We had decided to wait for a good weather window to sail south to Whangarei, which meant six days before we departed. We needed a car to explore the surrounding area. (The boat jobs, apart from hosing down and de-salting everything, could wait). The nearest car rental was at the local Kerikeri airport, around thirty minutes drive away. There was a local bus twice a week to Kerikeri. Fortunately, it went the following day. Unfortunately, it did not go to the airport, only the town, and we would still have a five kilometre walk to collect the car. Or not. We asked the driver to drop us at the point closest to the airport; He responded, 'No worries mate, I'll take you there'. And the bus route changed for that day. When we wanted to take the car back there was no bus and we planned to try to hitch hike, knowing the 'backup strategy' would be a six hour walk. We had not got out of the airport onto the main road before a car stopped and took us all the way to the marina. I still do not know exactly where the Maori was actually going (place names are not the easiest), but I am sure it was not to Opua. I thought of writing that this is what you can expect in New Zealand. However, visitors have no right to 'expect' anything like the sort of kindness we have experienced.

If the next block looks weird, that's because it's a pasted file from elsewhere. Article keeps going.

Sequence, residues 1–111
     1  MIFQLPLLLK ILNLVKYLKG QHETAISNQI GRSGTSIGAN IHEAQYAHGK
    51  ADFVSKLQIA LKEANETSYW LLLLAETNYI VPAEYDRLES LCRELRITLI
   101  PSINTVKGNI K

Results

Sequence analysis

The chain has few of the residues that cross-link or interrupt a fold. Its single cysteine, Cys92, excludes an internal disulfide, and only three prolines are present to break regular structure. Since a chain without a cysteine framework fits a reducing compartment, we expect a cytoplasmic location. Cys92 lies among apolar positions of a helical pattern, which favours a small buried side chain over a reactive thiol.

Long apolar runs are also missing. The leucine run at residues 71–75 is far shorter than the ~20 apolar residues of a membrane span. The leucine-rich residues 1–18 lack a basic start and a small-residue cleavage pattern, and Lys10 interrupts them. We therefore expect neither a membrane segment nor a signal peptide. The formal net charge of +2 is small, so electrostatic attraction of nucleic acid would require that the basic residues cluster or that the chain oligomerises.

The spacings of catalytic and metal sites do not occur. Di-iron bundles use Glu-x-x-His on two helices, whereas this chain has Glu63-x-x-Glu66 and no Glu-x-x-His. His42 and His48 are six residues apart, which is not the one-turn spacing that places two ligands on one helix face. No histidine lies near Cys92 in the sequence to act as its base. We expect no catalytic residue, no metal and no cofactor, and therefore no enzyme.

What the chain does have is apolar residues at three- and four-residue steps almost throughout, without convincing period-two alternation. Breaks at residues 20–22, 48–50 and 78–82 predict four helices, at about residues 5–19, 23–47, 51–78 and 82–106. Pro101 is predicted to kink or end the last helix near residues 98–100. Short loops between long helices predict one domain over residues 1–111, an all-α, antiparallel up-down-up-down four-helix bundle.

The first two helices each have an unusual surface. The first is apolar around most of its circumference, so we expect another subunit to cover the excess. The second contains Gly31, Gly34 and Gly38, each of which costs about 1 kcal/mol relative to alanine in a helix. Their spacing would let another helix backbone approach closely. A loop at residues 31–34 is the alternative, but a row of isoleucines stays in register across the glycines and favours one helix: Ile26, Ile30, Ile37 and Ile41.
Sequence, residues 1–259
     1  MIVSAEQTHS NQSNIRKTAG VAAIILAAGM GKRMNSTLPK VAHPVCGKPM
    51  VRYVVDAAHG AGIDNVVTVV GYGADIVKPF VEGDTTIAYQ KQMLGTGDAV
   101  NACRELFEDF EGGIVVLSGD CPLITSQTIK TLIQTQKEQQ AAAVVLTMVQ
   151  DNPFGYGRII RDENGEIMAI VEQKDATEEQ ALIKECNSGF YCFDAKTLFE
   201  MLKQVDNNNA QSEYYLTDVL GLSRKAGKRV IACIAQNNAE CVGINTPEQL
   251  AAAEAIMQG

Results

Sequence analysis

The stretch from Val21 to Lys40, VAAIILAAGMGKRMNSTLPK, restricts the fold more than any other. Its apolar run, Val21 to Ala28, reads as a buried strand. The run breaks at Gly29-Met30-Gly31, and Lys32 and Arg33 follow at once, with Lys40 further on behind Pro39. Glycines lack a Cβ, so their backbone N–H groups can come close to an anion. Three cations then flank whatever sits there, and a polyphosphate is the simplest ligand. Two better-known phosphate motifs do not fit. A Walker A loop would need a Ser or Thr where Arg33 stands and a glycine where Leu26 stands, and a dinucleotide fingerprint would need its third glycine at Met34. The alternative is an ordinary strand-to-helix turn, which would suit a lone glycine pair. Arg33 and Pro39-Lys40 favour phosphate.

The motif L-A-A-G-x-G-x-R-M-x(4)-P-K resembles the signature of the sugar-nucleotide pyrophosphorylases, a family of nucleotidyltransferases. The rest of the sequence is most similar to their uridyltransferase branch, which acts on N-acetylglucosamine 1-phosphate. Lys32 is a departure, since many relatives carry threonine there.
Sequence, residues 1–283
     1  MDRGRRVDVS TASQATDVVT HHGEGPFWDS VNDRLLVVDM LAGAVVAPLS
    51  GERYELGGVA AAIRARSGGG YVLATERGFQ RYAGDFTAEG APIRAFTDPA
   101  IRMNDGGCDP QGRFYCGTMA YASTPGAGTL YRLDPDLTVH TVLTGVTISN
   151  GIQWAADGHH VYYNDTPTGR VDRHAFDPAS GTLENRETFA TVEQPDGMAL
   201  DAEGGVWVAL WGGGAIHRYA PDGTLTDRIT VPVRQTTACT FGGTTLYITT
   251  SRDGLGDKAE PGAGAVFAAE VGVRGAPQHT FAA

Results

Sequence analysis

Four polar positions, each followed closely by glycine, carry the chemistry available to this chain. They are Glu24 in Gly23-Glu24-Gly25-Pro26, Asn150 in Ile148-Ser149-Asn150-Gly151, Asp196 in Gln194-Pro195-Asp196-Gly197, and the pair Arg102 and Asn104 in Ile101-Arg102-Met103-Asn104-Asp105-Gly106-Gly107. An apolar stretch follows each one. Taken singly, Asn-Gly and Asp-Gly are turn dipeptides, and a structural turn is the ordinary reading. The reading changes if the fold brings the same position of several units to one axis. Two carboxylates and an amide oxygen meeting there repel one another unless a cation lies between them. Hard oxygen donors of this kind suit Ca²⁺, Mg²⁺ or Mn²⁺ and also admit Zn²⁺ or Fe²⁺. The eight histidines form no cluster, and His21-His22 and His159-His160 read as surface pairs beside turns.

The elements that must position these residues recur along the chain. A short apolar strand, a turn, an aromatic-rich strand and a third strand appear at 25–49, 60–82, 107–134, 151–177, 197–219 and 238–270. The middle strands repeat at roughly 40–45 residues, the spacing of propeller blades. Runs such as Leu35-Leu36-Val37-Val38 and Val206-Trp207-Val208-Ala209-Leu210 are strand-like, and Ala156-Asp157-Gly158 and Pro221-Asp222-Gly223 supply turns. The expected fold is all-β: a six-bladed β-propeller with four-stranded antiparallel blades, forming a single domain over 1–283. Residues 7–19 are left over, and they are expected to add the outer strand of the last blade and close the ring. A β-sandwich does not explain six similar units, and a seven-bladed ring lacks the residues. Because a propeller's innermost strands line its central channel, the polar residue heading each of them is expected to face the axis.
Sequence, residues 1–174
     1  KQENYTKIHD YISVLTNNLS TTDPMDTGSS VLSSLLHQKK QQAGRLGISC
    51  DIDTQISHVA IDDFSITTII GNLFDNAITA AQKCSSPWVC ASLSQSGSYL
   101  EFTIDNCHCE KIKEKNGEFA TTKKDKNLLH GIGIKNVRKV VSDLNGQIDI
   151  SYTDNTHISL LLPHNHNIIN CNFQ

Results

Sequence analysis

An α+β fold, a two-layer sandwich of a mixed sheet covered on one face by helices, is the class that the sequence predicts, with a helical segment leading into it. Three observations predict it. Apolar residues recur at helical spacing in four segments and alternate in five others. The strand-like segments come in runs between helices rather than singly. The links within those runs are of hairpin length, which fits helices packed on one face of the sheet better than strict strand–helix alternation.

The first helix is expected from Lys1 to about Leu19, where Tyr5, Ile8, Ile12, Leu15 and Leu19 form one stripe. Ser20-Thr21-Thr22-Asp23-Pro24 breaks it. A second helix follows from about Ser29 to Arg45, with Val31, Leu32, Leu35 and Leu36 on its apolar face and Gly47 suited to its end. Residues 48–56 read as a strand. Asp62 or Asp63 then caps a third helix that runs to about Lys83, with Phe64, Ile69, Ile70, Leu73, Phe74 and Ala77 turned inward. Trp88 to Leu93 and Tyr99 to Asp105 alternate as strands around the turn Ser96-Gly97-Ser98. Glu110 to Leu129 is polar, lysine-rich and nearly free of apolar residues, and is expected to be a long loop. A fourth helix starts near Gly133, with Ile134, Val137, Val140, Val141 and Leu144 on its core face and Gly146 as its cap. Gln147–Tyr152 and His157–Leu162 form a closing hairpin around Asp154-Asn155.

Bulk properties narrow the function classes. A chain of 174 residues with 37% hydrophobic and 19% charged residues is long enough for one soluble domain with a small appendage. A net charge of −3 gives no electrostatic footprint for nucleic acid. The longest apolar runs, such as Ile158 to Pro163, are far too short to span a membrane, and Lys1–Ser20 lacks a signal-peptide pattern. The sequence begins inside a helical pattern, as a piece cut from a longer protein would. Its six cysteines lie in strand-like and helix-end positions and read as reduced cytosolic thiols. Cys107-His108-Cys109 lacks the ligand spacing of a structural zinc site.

The country is larger than the United Kingdom with less than a tenth of the population.
As you drive around the rolling hills of Northland the lush greens tell you that there is enough rain and that agriculture is an important part of the economy. Yet farming was not so straightforward for the early settlers. The land was covered in (Kaori) trees which first needed to be felled, vast areas were swamps, and even then top soil was quite thin in many places. We visited the 'Jack Morgan' Museum, a local museum in Hukerenui on the road to Whangarei, where the settlers trials and tribulations were explained. Interestingly, it was the women who did most of the actual farming. The men worked in the income generating industries of logging and digging for Kaori Gum in the swamps. The gum was highly prized in the 19th century and used as furniture polish.